Aircar was the first program I played on Oculus on LSD and it holds a special place in my heart.  My first time with Aircar was tripping, so I had to learn the controls and navigate it while very intoxicated, which I wouldn't recommend.  But I managed to get the controls down pretty quickly, and soon felt absolutely lost in the simulation.  I recall repeating to myself "don't forget, this isn't real.  Don't forget this isn't real", having some concern for my mental health.  I never lost track that it was just a simulation, but disturbingly, when I removed the headset I suddenly decided that all of existence is simply a simulation.  Ahhh LSD. Don't try to beat it, just enjoy the ride.

And enjoy the ride I did in Aircar.  The graphics are fantastic, and you can fly as slowly and carefully as you desire, since there is no time pressure to do anything.  Just fly and enjoy the rain on the windshield, and the feeling in your stomach as you dive or turn.  It's easy to believe you are in a Blade Runner world and become fully immersed.

Dreams of Dali

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Dreams of Dali is easy to use and very promising, but not as immersive or engaging as we had hoped, mainly due to the way movement works (little transportation jumps, not free motion).  However, it is a solid bit of software,  with some beautiful surrealistic imagery.  With a little tweaking to allow free roaming through the environment, this would be an absolutely epic experience.  It is absolutely free of charge, and very much worth giving a try.



Music Visualizers, GrooVR and Vision

[UPDATED as of 5.14.18]

One of our greatest disappointments on the Oculus is the quality of music visualizers.  A good visualizers should have striking visuals that integrate with your music.  It should be easy to set up and play music from a variety of sources, including online streaming or locally saved music.  As of now, we haven't found the killer visualizer.  But here are the two we use most:  GrooVR and Vision.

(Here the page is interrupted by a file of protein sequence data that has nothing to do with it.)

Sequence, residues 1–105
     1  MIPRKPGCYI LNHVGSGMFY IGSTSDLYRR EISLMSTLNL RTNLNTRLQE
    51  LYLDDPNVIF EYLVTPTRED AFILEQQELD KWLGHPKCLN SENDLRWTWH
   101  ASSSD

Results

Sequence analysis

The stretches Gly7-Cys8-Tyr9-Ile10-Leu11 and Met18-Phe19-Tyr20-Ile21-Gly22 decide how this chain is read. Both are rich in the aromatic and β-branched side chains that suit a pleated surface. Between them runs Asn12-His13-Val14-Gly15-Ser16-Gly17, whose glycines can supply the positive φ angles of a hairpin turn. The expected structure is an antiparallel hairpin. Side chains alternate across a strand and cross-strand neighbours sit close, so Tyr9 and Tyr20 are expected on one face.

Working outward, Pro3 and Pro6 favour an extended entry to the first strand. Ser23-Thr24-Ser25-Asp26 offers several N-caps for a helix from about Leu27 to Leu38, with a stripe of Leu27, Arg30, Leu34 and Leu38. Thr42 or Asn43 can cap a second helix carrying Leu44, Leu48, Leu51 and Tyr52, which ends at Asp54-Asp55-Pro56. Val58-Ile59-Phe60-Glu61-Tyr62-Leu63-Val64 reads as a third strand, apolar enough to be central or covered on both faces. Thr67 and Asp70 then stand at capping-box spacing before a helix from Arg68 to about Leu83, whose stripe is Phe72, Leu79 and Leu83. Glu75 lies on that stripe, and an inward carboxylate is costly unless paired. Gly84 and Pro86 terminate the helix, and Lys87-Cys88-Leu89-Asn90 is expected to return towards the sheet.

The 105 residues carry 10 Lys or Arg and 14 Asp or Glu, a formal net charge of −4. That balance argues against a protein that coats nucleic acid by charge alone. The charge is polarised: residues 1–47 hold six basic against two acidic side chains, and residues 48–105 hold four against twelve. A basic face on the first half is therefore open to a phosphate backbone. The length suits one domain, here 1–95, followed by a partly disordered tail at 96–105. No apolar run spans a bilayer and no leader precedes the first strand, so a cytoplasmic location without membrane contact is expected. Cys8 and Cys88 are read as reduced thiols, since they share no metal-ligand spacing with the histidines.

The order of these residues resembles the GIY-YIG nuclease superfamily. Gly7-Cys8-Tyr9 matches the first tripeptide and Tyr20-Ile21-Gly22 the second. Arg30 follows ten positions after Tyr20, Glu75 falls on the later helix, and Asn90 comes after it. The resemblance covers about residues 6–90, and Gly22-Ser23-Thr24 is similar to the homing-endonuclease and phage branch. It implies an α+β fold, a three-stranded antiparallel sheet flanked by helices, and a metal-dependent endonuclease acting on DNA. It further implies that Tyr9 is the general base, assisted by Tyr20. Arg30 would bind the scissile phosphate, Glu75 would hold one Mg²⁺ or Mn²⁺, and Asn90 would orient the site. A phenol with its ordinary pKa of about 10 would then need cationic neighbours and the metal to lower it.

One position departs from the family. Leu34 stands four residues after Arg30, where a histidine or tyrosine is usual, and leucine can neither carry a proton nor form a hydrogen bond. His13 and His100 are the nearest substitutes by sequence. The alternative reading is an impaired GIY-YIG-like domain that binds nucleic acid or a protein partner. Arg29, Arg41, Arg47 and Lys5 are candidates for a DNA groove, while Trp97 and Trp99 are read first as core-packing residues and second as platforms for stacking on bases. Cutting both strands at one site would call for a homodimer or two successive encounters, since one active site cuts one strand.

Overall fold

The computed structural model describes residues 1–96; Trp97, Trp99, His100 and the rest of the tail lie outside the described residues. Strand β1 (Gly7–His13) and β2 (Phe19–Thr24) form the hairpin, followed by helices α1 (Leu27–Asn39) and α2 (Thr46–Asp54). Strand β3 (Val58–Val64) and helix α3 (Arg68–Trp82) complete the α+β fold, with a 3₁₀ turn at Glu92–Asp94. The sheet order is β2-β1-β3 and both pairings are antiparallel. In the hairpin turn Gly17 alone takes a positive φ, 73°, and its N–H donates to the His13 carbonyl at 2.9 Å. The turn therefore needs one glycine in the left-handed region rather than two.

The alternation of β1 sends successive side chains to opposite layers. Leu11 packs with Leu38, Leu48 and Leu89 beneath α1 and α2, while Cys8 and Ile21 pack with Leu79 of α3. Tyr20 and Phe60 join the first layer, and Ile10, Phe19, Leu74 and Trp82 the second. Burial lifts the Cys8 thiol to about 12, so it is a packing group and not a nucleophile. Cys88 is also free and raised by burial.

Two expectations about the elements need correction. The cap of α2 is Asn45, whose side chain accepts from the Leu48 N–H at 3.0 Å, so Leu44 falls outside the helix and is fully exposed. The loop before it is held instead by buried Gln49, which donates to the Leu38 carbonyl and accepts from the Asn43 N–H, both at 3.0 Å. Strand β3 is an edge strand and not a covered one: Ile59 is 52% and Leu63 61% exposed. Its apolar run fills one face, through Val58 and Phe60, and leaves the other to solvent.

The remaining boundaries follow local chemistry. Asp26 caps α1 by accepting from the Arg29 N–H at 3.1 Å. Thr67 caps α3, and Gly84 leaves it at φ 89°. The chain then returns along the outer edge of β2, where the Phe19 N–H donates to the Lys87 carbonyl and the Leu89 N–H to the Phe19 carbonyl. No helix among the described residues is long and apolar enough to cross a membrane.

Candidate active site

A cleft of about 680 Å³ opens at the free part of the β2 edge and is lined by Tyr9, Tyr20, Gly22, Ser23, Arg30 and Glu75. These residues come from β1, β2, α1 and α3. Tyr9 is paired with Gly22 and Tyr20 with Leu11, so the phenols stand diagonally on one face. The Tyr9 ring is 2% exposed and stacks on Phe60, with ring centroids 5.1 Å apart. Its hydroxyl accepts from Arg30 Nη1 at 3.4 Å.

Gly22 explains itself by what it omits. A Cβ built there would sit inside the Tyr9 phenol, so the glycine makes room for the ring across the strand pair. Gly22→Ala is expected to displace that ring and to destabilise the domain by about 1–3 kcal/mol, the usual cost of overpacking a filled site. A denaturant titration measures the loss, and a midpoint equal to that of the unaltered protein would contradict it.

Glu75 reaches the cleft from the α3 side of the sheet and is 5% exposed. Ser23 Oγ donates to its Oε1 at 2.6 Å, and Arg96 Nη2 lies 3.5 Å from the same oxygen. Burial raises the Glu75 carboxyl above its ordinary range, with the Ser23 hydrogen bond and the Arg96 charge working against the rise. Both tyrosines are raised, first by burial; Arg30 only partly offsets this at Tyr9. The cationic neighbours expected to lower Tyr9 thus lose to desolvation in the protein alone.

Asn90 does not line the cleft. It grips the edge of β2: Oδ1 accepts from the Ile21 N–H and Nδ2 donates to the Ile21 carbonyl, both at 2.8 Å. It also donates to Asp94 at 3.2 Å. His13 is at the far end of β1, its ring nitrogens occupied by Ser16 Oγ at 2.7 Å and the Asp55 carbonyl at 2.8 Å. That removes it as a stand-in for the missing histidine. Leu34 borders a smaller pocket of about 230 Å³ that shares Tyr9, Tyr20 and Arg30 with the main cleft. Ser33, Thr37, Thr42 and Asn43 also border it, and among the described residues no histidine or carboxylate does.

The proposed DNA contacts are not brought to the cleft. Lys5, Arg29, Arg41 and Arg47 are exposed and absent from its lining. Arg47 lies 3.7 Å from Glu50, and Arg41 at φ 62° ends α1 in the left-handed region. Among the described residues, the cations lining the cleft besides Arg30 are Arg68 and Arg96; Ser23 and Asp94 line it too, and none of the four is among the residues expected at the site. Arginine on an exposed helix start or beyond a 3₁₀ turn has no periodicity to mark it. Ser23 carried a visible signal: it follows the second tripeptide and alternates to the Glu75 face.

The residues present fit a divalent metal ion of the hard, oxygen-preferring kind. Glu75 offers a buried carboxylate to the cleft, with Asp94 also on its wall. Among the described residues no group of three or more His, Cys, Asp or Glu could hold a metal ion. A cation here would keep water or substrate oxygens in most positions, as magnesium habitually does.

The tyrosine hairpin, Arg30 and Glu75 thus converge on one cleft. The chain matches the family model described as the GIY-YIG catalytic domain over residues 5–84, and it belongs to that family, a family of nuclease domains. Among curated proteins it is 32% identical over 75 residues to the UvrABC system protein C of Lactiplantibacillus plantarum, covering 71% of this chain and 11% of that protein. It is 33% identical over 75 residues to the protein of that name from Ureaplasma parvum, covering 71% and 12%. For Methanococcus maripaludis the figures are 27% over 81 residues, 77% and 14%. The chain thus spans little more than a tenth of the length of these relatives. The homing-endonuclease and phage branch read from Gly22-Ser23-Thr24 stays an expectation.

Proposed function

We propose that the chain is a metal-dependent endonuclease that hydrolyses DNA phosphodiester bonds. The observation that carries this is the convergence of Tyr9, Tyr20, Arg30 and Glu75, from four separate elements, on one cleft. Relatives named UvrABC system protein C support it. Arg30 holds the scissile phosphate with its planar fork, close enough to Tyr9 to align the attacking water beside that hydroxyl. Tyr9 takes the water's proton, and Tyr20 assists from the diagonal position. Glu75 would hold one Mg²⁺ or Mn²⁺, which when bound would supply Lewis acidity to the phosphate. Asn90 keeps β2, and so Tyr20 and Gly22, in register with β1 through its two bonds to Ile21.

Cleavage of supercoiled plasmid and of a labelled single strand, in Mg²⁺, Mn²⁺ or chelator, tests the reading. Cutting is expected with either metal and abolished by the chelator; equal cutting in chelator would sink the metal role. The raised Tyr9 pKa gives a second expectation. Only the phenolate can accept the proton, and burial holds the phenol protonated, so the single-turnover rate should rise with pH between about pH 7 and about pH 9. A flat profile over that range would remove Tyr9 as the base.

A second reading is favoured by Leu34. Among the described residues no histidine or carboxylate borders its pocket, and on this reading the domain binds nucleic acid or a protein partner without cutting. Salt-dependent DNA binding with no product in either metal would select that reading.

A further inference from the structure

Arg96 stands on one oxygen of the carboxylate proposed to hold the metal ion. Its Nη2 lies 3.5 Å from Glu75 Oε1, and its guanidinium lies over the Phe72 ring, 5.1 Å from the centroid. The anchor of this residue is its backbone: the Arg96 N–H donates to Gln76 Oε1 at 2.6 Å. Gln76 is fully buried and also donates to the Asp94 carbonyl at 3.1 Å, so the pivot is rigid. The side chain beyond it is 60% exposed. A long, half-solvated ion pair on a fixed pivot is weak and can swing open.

GrooVR integrates virtual worlds to your music, in pretty striking ways.  GrooVR comes with one free world, and for $10 you can buy three more (or buy a single world for around $4)

In theory, you can use music that's built into the app, music saved locally on your PC or Soundcloud.  GrooVR used to support Spotify Premium, and the GrooVR support webpage suggests that it is still supported.... but it's not, at least on the Oculus Platform.  Which is a shame.

But that leaves you with Soundcloud and locally saved music, if you want music of your choice.... Except for us, the program can never access our locally saved music, and won't actually play anything from our Soundcloud account ("Cannot connect to Soundcloud").  Leaving the songs that are built into GrooVR.  

Until recently you could still stream music off of your computer, through the Oculus headset and the program would react to it or have the microphone engaged to allow ambient music to control your visiuals.  But this functionality too seems to have disappeared.  Leaving Groovr as a worthless piece of software right now.